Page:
Fed up Spaniards are using a new and creative way to express their anger against bankers and politicians who they hold responsible for the current economic crisis: they are defacing euro banknotes with criticism.
Such small acts of graffiti are finding their way through pockets and cash registers as well as across social networks. Despite ‘putting their mouths where their money is’ the protesters can still use the money as legal tender.
One user wonders if his message written on a five-euro banknote will reach the Banco Santander’s President, Emilio Botin.
Mensaje al Sr Botin en un billete de 5 Euros ¿ llegara hasta el a traves de Twiter ? PROBEMOS. pic.twitter.com/B0ADlpAN— Mariano9605 (@mariano9605) March 4, 2012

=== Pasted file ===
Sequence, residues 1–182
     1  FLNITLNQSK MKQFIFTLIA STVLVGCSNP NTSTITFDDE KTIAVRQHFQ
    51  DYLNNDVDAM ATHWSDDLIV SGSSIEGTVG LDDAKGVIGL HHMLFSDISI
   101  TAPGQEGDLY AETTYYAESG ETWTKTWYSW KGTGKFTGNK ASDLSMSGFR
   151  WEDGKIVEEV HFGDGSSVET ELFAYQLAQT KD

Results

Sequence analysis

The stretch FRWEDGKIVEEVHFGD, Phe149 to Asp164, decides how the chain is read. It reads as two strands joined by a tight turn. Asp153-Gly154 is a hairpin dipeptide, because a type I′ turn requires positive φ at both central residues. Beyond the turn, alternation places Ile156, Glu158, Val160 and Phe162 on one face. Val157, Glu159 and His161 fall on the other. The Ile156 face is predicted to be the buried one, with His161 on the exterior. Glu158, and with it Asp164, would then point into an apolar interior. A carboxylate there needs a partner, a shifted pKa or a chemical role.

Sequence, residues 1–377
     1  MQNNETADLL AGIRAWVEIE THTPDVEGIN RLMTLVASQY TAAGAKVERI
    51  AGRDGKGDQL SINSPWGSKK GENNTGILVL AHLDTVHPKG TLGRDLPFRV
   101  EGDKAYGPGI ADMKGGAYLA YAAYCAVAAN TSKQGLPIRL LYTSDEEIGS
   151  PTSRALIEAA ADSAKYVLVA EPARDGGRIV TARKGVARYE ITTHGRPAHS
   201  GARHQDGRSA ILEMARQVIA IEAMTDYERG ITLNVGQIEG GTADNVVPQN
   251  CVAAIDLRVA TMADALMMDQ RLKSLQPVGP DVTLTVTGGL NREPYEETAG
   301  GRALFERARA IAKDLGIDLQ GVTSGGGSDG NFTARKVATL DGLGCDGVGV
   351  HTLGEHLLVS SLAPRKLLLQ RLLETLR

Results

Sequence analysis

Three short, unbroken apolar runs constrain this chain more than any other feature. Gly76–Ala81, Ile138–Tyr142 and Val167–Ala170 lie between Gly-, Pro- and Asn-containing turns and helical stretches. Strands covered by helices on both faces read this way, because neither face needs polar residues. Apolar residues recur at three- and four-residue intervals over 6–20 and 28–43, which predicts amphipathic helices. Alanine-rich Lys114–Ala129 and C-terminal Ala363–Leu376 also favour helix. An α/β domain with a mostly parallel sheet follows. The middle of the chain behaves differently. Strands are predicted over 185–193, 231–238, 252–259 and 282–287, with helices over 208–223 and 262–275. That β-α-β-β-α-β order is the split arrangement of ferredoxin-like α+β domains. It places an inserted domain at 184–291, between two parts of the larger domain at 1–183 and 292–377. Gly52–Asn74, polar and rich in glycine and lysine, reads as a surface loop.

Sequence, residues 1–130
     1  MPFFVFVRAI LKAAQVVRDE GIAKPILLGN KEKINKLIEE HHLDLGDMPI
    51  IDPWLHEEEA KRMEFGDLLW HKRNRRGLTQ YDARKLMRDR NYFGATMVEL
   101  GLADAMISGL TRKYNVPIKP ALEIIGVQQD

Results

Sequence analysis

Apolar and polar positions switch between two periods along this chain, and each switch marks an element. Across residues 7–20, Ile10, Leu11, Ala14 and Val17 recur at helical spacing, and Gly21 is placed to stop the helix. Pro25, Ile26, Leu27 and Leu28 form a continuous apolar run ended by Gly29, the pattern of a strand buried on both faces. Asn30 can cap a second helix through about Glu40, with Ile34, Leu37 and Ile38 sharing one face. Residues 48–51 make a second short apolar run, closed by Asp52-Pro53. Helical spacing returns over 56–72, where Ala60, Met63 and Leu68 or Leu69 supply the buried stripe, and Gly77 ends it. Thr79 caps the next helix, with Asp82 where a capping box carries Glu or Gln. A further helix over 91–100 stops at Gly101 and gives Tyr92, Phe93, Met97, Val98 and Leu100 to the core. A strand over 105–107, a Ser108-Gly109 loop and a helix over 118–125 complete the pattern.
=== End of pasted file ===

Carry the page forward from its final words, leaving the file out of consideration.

“Politicians and bankers are a disgrace for the Nation” says another five-euro bill.
Mirad lo que me he encontrado escrito en un billete de 5 € pic.twitter.com/2RGCPGZJTB— HUGO (@Humilcor_Boss) August 21, 2013
Another message bears a request that someone “go back to the past and ensure [Spanish Prime Minister Mariano] Rajoy’s parents never meet each other”.
Estoy va para Rajoy jaja y mira lo q me encontrado en el billete escrito jaja pic.twitter.com/WvxlJjsurb— Raul De La Paz Lama (@RaulDeLaPazLama) June 1, 2013
This Twitter user promises not to leave any banknote without a message.
The 50-euro bill reads: “As I know that certainly this banknote will end in your hands I take the occasion to leave you a private message” which is, invariably, an insulting one.
A partir de ahora no dejaré un billete sin nada escrito. pic.twitter.com/K6jWnhwycj— El tito Jonan. (@jonanperrea) March 1, 2013
This other Twitter user found this message written on a 10€ banknote that he was given as change in a supermarket
“This banknote is black money, please don’t make it circulate”.
He hecho unas compras y me han devuelto un billete de 10€ con esto escrito: pic.twitter.com/MYTQaM6kuU— Dirge For November (@ChemikCoka) September 10, 2013